Dissertations, Theses, and Capstone Projects

Date of Degree


Document Type


Degree Name





Timothy Ellmore

Committee Members

Tatiana Aloi Emmanouil

Timothy Ricker

A. Duke Shereen

Kerstin Unger

Subject Categories

Cognitive Neuroscience | Cognitive Psychology


Working Memory Maintenance, Attention, Delay Activity, Functional Connectivity, Rehearsal, Interference


Working memory (WM) is the temporary storage of information to accomplish a future goal. The WM delay period is the time after encoding but before retrieval when information is being maintained, typically in the absence of relevant stimuli. Understanding how the brain supports maintenance during the delay period, and how neural activity and connectivity are related to memory is critical for advancing both basic knowledge as well as informing declines in memory and cognition related to neurodegenerative diseases and healthy aging. An open question in the field of WM research is how information is stored during this delay period. One theory suggests persistent neural activity supports the storage of information while another theory suggests rapid synaptic weight changes (i.e., an activity-silent mechanism). While support exists for both theories, numerous confounds complicate the experiments designed to distinguish between these two theories. Most notably, studies typically use simple stimuli with short, predictable, unfilled delay periods, with few studies examining this open question using complex visual stimuli. For this dissertation four EEG experiments were conducted to answer three questions: 1) Does the type of maintenance technique used during the delay period modulate the neural activity for complex visual stimuli? 2) What are the load-dependent delay activity and connectivity patterns associated with maintenance of complex visual stimuli? And 3) How do patterns of delay activity and connectivity change when attention is sustained during unpredictable delay period durations?

In the first set of experiments, we examined the role of rehearsal in maintaining complex visual stimuli. We looked at the impact of rehearsal versus suppression of rehearsal using novel naturalistic scenes that contained semantic content and phase-scrambled scenes that lacked semantic content. The benefit of rehearsal was associated with increases in theta and alpha band amplitude, but only when the stimuli lacked semantic content. The overall pattern of change in amplitude was similar for rehearsal and suppression of rehearsal, regardless of the type of stimulus.

In the second set of experiments, we examined the role of attention in maintaining complex visual stimuli. We used a similar set of stimuli to the first experiments, employing a load manipulation (low load-2 images, high load-5 images) while perceptual interference was present. While increasing the WM load, particularly with complex stimuli, places a greater demand on attentional resources, interfering stimuli may compete for the available resources. This was confirmed in the examination of theta and alpha amplitude, as amplitude was reduced for the high WM load as compared with the low WM load. We also analyzed functional connectivity to identify the underlying brain networks that facilitated performance for the low load condition and identified three supporting networks, including a frontal- posterior temporal network that is responsible for filtering the interfering stimuli.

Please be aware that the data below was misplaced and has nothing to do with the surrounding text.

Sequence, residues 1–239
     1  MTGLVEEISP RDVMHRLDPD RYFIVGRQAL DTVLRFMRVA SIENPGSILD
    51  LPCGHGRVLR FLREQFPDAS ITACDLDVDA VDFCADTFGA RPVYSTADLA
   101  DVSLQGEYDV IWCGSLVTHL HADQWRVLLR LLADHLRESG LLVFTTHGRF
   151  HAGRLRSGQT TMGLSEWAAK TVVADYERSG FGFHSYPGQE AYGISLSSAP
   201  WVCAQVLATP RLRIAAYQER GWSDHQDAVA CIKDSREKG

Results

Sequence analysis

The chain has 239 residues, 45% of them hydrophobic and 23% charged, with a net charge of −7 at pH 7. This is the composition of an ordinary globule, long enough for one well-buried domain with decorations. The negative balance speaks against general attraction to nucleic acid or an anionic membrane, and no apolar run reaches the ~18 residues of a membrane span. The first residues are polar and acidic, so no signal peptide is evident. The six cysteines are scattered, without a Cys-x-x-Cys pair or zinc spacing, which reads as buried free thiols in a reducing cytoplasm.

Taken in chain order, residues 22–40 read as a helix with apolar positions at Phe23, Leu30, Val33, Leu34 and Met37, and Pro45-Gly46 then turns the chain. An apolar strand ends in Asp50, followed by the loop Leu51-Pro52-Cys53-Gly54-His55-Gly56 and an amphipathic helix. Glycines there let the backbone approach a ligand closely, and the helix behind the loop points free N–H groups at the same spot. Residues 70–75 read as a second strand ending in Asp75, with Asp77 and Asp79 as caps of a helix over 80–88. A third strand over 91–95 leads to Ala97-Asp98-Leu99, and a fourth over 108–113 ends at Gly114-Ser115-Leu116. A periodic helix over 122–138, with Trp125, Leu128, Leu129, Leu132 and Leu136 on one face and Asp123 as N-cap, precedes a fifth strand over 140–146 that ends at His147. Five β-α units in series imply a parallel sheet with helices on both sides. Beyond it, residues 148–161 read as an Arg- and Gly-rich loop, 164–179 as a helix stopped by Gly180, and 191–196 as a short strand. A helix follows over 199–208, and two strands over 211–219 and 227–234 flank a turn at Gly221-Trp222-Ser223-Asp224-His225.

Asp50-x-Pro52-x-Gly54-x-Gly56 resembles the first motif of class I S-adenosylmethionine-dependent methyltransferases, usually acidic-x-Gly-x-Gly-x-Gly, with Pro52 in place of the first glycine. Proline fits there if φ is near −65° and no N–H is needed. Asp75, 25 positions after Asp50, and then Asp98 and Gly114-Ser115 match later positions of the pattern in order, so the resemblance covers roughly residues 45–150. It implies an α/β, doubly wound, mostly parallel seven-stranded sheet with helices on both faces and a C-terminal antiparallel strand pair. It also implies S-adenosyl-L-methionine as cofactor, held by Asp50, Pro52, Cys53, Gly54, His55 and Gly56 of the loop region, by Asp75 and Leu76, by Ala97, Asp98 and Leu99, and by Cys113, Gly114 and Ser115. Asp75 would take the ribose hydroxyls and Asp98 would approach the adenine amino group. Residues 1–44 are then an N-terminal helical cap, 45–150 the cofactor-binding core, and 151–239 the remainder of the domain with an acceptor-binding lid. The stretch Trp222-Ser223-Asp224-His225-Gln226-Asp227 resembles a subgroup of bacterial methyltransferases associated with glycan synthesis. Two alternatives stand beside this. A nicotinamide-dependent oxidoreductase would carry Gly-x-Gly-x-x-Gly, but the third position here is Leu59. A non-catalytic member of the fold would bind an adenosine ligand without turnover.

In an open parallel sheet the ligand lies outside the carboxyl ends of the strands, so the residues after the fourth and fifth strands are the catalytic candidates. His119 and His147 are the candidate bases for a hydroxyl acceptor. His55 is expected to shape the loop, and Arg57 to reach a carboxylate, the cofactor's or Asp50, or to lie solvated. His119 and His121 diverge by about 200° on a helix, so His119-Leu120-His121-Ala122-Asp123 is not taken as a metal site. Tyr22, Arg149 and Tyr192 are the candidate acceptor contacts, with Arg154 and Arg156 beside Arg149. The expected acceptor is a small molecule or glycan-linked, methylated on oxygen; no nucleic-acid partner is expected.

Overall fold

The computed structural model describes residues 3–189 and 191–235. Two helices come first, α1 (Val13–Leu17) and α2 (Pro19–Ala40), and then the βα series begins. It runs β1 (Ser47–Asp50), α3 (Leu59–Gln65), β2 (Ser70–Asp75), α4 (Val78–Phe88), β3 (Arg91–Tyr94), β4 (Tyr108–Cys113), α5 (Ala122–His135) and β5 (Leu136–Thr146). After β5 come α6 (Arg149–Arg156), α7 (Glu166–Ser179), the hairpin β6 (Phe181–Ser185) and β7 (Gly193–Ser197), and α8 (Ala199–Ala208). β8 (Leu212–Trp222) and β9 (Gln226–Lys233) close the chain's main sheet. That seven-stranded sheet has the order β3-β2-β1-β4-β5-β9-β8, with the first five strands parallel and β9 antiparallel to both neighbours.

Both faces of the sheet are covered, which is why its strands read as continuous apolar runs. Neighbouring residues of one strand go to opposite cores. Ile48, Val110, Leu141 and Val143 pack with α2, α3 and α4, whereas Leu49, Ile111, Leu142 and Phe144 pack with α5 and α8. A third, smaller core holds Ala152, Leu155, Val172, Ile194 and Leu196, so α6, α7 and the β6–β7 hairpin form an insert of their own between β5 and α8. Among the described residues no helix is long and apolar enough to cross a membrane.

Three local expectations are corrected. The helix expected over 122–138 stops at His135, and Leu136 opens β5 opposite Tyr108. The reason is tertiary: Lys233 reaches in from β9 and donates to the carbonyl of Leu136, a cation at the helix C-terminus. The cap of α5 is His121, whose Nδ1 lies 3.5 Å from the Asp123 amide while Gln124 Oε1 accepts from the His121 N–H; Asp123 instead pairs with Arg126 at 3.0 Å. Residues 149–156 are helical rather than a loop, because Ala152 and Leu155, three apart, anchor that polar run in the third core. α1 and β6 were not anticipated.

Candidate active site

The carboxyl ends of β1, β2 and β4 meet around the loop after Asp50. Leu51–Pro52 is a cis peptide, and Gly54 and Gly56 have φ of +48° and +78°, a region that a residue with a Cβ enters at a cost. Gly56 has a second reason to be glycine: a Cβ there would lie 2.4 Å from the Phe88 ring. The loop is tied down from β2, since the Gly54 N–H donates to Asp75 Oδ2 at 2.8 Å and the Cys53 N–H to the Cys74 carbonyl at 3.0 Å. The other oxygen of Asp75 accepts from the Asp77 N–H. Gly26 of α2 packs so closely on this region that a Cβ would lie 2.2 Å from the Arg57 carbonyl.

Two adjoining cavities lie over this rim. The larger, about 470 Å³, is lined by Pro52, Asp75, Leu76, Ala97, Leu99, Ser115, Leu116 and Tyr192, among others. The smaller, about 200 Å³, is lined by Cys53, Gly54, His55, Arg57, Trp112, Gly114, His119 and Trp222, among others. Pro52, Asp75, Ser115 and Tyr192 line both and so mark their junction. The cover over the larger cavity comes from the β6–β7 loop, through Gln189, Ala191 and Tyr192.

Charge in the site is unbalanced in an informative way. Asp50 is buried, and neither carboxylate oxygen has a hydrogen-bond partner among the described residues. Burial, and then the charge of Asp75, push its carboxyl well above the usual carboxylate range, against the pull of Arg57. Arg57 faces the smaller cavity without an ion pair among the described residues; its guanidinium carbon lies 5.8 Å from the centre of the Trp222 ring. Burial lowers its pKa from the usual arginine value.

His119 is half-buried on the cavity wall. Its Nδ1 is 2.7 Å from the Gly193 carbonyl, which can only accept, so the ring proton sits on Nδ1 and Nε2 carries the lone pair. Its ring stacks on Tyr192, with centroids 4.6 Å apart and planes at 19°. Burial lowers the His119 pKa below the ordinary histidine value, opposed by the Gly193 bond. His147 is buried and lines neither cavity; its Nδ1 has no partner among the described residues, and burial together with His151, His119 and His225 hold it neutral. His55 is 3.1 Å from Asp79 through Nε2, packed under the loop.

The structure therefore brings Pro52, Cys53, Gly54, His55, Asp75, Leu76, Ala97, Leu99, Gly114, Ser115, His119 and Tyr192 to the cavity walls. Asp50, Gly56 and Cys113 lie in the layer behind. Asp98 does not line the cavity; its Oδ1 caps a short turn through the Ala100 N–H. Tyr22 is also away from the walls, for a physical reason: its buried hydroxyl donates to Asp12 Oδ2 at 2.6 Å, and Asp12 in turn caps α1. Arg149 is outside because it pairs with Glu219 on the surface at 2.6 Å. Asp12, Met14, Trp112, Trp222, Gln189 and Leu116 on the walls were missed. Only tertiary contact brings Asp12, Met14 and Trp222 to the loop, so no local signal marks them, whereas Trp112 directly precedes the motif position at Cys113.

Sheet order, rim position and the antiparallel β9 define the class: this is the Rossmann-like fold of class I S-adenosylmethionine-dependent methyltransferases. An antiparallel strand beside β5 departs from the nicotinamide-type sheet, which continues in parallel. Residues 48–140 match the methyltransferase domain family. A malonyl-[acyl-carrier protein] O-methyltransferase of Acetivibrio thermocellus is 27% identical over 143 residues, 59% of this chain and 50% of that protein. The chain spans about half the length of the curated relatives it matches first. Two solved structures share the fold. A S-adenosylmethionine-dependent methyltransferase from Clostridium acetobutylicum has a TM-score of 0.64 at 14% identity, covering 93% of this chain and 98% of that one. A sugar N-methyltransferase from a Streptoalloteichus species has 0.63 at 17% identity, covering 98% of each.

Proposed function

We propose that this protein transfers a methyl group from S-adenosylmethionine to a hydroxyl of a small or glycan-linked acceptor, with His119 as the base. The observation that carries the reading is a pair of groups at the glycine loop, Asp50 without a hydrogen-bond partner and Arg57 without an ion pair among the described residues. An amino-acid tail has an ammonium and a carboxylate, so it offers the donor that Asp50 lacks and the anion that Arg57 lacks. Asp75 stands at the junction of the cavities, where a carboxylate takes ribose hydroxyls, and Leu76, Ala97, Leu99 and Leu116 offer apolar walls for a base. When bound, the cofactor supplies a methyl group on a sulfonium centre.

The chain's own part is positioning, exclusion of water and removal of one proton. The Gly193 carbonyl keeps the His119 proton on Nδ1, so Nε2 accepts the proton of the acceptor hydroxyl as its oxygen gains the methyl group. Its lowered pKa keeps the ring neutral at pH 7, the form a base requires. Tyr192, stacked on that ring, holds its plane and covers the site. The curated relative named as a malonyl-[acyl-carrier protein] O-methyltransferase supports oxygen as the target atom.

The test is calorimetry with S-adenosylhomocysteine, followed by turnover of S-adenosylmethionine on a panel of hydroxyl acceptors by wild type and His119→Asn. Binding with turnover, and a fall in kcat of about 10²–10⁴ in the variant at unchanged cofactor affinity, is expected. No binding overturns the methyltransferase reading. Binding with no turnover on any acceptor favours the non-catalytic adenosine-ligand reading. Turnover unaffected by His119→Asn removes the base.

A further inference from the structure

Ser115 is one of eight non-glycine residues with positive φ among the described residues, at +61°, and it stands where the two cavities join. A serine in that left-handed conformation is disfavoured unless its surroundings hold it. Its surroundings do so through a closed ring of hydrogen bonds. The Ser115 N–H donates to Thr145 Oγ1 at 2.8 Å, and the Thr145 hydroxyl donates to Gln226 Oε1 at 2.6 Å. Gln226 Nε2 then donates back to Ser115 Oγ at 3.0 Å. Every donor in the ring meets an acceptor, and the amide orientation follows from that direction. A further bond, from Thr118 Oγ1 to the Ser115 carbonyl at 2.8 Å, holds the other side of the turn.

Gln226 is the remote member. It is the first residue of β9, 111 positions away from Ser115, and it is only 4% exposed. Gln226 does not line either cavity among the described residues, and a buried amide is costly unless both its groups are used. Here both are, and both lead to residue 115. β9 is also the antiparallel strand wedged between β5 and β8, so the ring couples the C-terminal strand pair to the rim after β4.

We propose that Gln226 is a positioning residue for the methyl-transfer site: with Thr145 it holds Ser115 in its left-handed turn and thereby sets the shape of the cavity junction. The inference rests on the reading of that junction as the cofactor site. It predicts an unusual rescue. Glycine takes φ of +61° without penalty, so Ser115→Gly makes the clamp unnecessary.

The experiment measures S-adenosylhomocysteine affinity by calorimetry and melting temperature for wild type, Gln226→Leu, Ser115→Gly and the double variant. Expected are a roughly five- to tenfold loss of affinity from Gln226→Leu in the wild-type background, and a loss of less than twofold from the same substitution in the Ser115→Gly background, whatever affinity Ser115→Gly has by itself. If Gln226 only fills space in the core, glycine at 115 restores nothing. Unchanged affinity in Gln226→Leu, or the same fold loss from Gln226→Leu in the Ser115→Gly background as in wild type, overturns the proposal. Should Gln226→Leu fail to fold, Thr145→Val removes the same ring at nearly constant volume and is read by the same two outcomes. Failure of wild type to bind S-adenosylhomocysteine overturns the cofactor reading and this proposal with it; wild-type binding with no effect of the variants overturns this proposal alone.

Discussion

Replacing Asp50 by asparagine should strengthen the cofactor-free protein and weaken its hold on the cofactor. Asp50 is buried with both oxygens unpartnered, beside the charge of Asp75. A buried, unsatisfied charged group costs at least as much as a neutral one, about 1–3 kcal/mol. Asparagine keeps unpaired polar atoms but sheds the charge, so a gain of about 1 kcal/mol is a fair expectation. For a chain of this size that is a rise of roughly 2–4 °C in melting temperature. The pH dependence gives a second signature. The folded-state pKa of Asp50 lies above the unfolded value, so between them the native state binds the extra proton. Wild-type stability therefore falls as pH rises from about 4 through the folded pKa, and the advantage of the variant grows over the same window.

Additionally, in a separate experiment using similar stimuli, we randomly varied the delay interval (short-2 sec, medium-5 sec, and long-9 sec) from trial to trial, which ensured sustained attention throughout the delay period because participants did not know when the delay period would end and the probe would appear. The delay activity associated with complex visual stimuli suggests a pattern of transient delay activity for medium and long delay periods, regardless of load, with an early increase in event-related synchronous activity (ERS) in alpha and lower beta activity (until 2-3 secs) followed by an extended period of event-related desynchronous (ERD) in alpha and beta band activity, in parietal and parieto-occipital regions. Sustained delay activity (i.e., ERS in alpha activity followed by a return to baseline) was only observed for the short delay interval (~2 sec). Our results suggest that the pattern of ERS reflects an early period of goal setting, in which attention is focused inward to prevent interference. As the delay interval increases, the pattern of ERD reflects ongoing maintenance and associations with stored semantic knowledge.

Finally, we compared the underlying brain networks that supported maintenance across all experiments using connectivity measures. This comparison identified a different frontoparietal network that is implicated in cognitive control and was found to be involved in both effortful maintenance (i.e., for stimuli lacking semantic content) as well as maintenance that places an increased demand on attentional resources (e.g., interference present or increased intervals).

These results provide some support for the persistent delay activity hypothesis, as there were changes in delay activity from baseline throughout the delay period in all experiments, regardless of maintenance technique, WM load or delay period interval. Furthermore, the delay period connectivity analyses for all experiments implicate fronto-parietal and temporal networks in supporting maintenance and suggest a flexible role of attention (e.g., filtering of interfering stimuli, control over attention) that varies based on task demands. Together, these delay activity and connectivity findings inform the ongoing debate about the neural dynamics that support visual WM.